This month, I asked the PR community why is it obsessed with being a profession? It currently fails on at least two of the five points that are generally accepted by academic literature to describe a profession:
1. Barrier to entry in the form of qualifications
2. Community of practice between academia and practice
3. Mandatory code of conduct
4. Body of knowledge
5. Continuous professional development.
It’s a conversation about confidence, education and standards. Below, PR ‘professionals’ and academics discuss whether PR can really call itself a profession, and whether it really matters.
Barriers to entry
Kerry Coope, account executive, PR Agency One: “In some areas of PR there are still people working who have no credentials in PR at all. People have just found themselves in the profession and have built themselves up. Not necessarily a bad thing – for some these people might be the best in their business and only found their calling after university. But the issue is still there, where higher up the table are people not qualified in the profession, telling juniors they're wrong, don't know what they're talking about etc, etc, when they have qualifications and credentials and are heavily invested in the sector too.”
The march to professionalism
Sarah Billings, head of department – marketing, enterprise and leisure, University of Wolverhampton: “What is interesting from my research with practitioners is that they rarely reference the concept of PR as a profession, they just get on with it. The narrative of PR as a professional project seems to be mostly advanced by trade associations and professional bodies. When they do reference professionalism or talk about professional behaviours, they describe managerialism or managerial traits.”
William Murray, president and CEO at National Coffee Association and former CEO, PRSA: “Interesting question to ask – perhaps more revealing of the disconnect between the academy and practice than anything else. There are literally hundreds of thousands of well-qualified, successful practitioners who would be considered ‘professionals’ by any other measure. Perhaps the definition of ‘a profession’ should be updated to reflect common understanding, colloquial usage, and a rapidly evolving economy.”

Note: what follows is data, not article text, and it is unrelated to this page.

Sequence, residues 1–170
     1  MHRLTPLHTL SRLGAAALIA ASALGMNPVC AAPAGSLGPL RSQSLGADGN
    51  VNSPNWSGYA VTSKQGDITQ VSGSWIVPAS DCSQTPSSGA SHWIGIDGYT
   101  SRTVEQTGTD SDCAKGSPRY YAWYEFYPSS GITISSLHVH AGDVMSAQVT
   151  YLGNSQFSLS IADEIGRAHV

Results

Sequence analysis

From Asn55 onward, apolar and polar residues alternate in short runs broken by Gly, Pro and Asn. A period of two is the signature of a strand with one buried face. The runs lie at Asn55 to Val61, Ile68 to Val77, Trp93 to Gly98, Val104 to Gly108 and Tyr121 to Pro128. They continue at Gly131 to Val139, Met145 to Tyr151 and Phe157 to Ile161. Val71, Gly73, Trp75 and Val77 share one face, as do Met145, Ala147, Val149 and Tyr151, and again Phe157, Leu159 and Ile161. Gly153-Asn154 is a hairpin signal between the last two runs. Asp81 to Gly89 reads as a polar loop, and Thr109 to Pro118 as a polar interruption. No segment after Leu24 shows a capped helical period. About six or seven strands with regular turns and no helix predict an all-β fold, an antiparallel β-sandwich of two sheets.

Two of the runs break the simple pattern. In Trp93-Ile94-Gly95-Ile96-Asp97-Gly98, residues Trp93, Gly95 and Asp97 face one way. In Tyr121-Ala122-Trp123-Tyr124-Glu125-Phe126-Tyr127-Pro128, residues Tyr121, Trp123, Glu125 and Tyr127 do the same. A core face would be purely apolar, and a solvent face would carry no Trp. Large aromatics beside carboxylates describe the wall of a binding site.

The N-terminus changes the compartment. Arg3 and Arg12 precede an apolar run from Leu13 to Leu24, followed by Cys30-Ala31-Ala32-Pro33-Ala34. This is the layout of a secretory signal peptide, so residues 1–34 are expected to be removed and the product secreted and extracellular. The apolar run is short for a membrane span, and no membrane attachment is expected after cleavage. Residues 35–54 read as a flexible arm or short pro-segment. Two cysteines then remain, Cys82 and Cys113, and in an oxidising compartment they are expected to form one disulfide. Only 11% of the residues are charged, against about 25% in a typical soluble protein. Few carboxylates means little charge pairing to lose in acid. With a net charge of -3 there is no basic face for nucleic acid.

Dr Cara Reed, lecturer, Cardiff University: “That notion of what constitutes a profession is also debated in professions literature with some arguing that is being redefined as new professions emerge. In this context the likes of PR have an opportunity to be at the forefront of that redefinition.”
Sarah Hall, managing director, Sarah Hall Associates: “We want to be taken seriously by employers and the wider business community – and it's where the opportunity lies, not least in terms of earning potential.”
Francis Ingham, director general, PRCA and CEO, ICCO: “The PRCA PR Census highlights an interesting age gap: older practitioners are far more likely to describe it as profession compared to younger ones.”
Alastair McCapra, CEO, CIPR: “There's no reason why we should expect people to make these commitments in their initial years. Only once they become 'lifers' does it make sense. That's why milestones to progress is better than barriers to entry.”
Melissa Arulappan, head, corporate communications, IQVIA India: “Whilst I think all your five points are valid and need more focus, does the ‘profession or not’ question really matter? I’ve never had to defend what I call our ilk.”
Ruth Wilson, freelance: “Is it, though? I’ve worked in PR for over 20 years and this has never bothered me, any of my colleagues or any of my clients.”
Work in progress
Alastair McCapra, CEO, CIPR: “A lot of established professions fall short on one or more of these points. Accountancy and HR don’t have barriers to entry, and medicine only introduced CPD 15 years ago.”
David Gallagher, president, Omnicom PR: “I believe all five points exist but are insufficiently met. And I believe this is because they’re not legally codified. And I believe this is because our higher aims are either unclear or invalid in the eyes of wider society – and this is the source of our infernal insecurity.”
Ali Yaseen, associate account director, APCO Worldwide: “The first two points are crucial. They are already there, although not very well established.”
Ben Verinder, managing director, Chalkstream: “The only impossible journey is the one you never begin (although I might make an exception for travelling by rail on a bank holiday). The drive to professionalise PR has benefits in and of itself, independent of whether we achieve the five core elements.”
Smokescreen for other issues
Richard Houghton, consultant, Agency Doctor: “An obsession with professionalism is easier than tackling issues such as evaluation, shortage of talent, low fees, and over service. And of course – ego.”
Craig Fleisher, dean, Business School at the College of Coastal Georgia: “As one of the researchers publishing refereed papers on this for decades, PR also falls short on the public understanding of the net benefits and harms it delivers, and organisational recognition of the value delivered.”
Written by Stephen Waddington, managing director of marketing agency Metia; and visiting professor, Newcastle University.
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